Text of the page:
Sophie Siegel and Aaron Makanoff wed at the Sixth and I Synagogue, and held their reception at Sequoia in Washington, D.C., on Sunday, June 10, 2012. (Eli Turner/ELI TURNER)

Sophie Siegel wasn’t sure that Aaron Makanoff would stick around. They’d been dating only a month when her mom received a breast-cancer diagnosis in November 2009, sending her world into a tailspin for the third time in 15 years.

Siegel was 22, studying criminal justice at American University and growing tired of the kind of guys she met at bars, who seemed more interested in playing games than starting a relationship. Though she’d never had a Jewish boyfriend, she signed up for JDate.

Makanoff, 28, worked long hours as a police officer in Anacostia. He didn’t know anyone in town when he moved to Washington from Michigan three years earlier, and most of the people in his circle were colleagues. After several friends met their wives online, he decided to give it a try.

He noticed the smiling brunette’s profile picture, and after five minutes of instant messaging, she asked for his number and called him. They spoke for four hours and did the same the next night.

“I’m not much of a talker, especially chitchat,” he says. “But I’d sit down and we’d just be talking and I’d look at the clock and suddenly it had been two hours.”

Siegel had met a number of police officers through her school program and was skeptical about dating one. But Makanoff was thoughtful and caring, and more sarcastic than anyone she’d ever known.

After two weeks of marathon conversations, they agreed to have dinner. Siegel, still wary of meeting people through the Internet, asked two friends to join them.

In the hours leading up to the date, she grew increasingly nervous. “It was just, ‘What is he going to think of me? Do I look like I do in the pictures?’ I felt like I was going to throw up,” she says. But when she spotted him with a big smile, her worries evaporated. “I just felt so relieved, and then after that, it felt like our millionth date.”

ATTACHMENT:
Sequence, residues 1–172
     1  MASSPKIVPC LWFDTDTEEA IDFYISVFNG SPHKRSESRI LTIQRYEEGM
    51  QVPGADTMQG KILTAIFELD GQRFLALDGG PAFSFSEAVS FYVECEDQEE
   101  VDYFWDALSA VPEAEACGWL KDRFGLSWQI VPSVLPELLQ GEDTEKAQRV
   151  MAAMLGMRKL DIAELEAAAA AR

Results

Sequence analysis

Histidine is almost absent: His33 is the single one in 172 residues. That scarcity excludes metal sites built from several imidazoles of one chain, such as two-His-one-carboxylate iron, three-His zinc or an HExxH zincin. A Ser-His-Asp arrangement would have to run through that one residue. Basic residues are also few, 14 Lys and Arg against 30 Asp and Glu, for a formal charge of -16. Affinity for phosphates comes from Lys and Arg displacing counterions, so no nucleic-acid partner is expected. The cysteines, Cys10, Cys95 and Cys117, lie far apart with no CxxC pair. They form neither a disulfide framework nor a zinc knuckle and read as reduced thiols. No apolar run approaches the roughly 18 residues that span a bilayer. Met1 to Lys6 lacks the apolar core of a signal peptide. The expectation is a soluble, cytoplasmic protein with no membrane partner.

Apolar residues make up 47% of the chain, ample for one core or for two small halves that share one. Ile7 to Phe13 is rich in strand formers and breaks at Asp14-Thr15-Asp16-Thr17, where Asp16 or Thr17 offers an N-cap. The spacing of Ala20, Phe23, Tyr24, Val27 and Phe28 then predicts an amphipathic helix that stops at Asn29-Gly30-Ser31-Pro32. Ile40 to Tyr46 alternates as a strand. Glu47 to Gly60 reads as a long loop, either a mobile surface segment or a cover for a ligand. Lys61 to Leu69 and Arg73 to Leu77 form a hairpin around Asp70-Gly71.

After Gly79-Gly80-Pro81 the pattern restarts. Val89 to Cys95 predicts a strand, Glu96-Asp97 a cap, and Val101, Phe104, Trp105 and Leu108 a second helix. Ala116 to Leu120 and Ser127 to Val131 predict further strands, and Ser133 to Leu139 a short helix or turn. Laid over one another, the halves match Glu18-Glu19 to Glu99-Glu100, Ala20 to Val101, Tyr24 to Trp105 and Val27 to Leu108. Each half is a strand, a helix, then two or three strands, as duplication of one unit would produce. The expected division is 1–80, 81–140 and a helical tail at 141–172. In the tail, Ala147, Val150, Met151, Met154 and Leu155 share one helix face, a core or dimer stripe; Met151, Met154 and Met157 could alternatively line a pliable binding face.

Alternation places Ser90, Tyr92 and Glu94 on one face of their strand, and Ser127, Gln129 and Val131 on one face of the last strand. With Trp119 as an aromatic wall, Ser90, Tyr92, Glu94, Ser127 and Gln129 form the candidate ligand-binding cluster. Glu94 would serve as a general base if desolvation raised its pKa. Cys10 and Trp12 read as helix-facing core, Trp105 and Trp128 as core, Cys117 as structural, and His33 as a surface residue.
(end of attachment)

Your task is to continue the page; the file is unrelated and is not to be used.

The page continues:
At dinner, they talked as easily as they had on the phone, and once they were out of eyeshot of Siegel’s friends, Makanoff kissed her. “It was just comfortable as soon as we were together,” he recalls. “It was pretty refreshing.”

They began seeing each other every day he wasn’t on duty, and it was quickly apparent that they’d found something special. But when her mom’s cancer returned, Siegel suspected that Makanoff might head for the exit.

“He’s going to leave, because this is insane,” she remembers thinking. “But, no, he never said anything like that, and there was no hesi­ta­tion to help.”

He volunteered to drive her mother to chemotherapy appointments and did everything in his power to make the two women laugh. And when Siegel, an only child, was overwhelmed with sadness and broke down crying, Makanoff comforted her.

“I don’t know what I would do without him,” she says. “I don't even want to think about it.”

The following April, Makanoff’s cellphone started ringing incessantly just as he was making an arrest. His three siblings were calling to tell him his father had died of a combination of ailments.

As the couple nursed each other through the loss of his father and her mother’s illness, he realized that the relationship would be a lasting one.

Siegel, who loved to party before she met Makanoff, began staying in more and taking better care of herself. And she pushed Makanoff, a homebody, to go on adventures and try new things. “The things I lack, he gives me,” says Siegel. “So it works out perfectly.”

“I’m what you’d call hyper-vigilant. It’s job-related. I don’t generally take what people say at face value most of the time,” he says. “But with her, I just have absolutely no trust issues. And she puts up with me somehow. I have a lot of bad days at work, and she weathers the storm.”

After 18 months of dating, Siegel was ready for a more serious commitment. “So she started nagging” me to get married, Makanoff says with a laugh. In fact, he was ready, too, but had to save up to buy a ring.

Last September, when they were in Dewey Beach with her parents, he popped the question as they got ready for dinner. Siegel’s mom heard her daughter’s scream from another floor of the house and knew it was time to pop the champagne.

On June 10, Siegel beamed as both of her parents proudly walked her down the aisle of Sixth and I Synagogue. Her father, a lay cantor, sang blessings to the couple as they stood under a chuppah of driftwood and flowers.

At a tropical-themed reception at Sequoia on the Georgetown waterfront, guests were entertained by a band Makanoff and Siegel had danced to the night of their engagement and a surprise performance by a group of Jewish bottle dancers.

“We’ve been through things a lot of people who’ve been married 20 years haven’t been through,” she said before the wedding. “And I’ve never loved anyone like I love him. There’s just a knowing.”


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